Pushing prams towards cyberspace

18th September 1998 at 01:00
Alan Clarke of the National Institute for Adult and Continuing Education spent last year travelling around the UK visiting facilities set up for learners who otherwise would not have Internet access.

On the Scottish island of Unst, the most northerly part of the Shetlands, he found a tele-cottage where computers are used to make contact with Internet users elsewhere. "Lots of adults still don't have access to IT but it is growing slowly in some small communities," said Mr Clarke, whose report IT Awareness Raising for Adults has been published by the Government.

Mr Clarke was also impressed by the way residents in the Warwickshire village of Southam are being introduced to computers in the small public library as well as a more ambitious scheme to open video-conferencing suites in libraries throughout Liverpool.

Naomi Sargant's report says it is not arguing for a "chain of educational fast-food stores" as needs in rural areas vary considerably from those on urban estates. But it wants to see more pubs, clubs, cafes and post offices offering IT learning opportunities.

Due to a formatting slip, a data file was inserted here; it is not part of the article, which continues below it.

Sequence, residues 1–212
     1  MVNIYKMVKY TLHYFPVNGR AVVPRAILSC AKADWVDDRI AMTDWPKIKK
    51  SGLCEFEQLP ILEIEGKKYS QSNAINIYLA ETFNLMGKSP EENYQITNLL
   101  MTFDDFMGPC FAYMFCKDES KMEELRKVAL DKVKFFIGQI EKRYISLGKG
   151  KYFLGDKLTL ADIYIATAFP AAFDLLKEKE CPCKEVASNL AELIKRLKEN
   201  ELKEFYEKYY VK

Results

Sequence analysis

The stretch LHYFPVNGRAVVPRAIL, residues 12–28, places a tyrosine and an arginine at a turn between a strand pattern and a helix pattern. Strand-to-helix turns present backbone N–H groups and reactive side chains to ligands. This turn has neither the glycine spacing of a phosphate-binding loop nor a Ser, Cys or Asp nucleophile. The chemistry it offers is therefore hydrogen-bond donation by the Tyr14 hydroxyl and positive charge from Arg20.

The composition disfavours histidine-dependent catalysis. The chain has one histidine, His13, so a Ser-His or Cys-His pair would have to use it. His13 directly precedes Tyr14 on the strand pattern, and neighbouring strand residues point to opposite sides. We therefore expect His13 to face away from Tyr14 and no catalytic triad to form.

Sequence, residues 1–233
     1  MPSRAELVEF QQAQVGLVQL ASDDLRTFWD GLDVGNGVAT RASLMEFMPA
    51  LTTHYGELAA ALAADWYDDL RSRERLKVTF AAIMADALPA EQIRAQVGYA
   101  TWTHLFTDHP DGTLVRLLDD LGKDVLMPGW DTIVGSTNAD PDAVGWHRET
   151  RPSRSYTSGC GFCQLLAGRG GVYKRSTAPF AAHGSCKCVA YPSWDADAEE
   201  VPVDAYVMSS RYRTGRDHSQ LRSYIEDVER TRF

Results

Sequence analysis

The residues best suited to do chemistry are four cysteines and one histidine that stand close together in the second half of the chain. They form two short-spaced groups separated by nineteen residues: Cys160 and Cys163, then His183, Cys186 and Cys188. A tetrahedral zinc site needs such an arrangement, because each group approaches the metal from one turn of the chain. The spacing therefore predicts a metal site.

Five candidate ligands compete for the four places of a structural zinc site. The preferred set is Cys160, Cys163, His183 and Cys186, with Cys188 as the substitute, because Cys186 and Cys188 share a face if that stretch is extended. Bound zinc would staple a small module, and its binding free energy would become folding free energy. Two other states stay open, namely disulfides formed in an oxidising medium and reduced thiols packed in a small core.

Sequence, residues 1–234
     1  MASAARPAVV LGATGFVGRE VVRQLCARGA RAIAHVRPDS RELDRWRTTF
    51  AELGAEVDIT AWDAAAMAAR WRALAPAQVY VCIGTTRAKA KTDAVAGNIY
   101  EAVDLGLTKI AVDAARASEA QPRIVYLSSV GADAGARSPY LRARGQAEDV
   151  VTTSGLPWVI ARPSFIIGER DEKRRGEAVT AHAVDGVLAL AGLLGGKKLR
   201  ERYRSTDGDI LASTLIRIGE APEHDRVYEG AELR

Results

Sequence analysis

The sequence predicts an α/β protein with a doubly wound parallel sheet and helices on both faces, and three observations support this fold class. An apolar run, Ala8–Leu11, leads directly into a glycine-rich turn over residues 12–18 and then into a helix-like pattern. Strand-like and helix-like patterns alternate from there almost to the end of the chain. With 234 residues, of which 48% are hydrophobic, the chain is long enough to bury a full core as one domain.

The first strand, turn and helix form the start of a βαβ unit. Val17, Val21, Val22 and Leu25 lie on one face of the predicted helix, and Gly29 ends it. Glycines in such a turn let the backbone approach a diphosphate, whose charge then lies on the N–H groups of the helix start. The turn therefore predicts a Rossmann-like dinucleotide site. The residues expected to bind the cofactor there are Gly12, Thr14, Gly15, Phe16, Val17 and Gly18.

A Milton Keynes community centre renovates donated computers and lends them to people to use at home. "The key thing is to provide a convenient location, " said Mr Clarke. "One man in Milton Keynes told me that people won't travel further than pram-pushing distance."

In Southampton, the Computing for All initiative, launched by the city's colleges 18 months ago, was one of the many victims of cuts resulting from the crisis over demand-led element funding.

Instead of 15 per cent of the local working population gaining level one IT qualifications in the way FE managers had hoped (an estimated 18,000 adults), the figure currently stands at 2,000.

But a consortium of colleges and other training providers in the city is refusing to be dispirited and - as well as continuing to run the programmes - is to launch Computing for Business, a scheme aimed at employees.

John Bridge, director of business studies at City College, Southampton, agrees with Naomi Sargant that colleges must make more use of their facilities. "Computers only have a lifespan of three to four years so we must make sure that they are utilised from 8.30am until 9 pm."

A key feature of all three schemes is co-operation and collaboration - another recommendation in the Sargant report. "We are all pointing people towards other colleges if they are running a course which is more suitable," said Mr Bridge. "Everyone knows that the demand out there is limitless."

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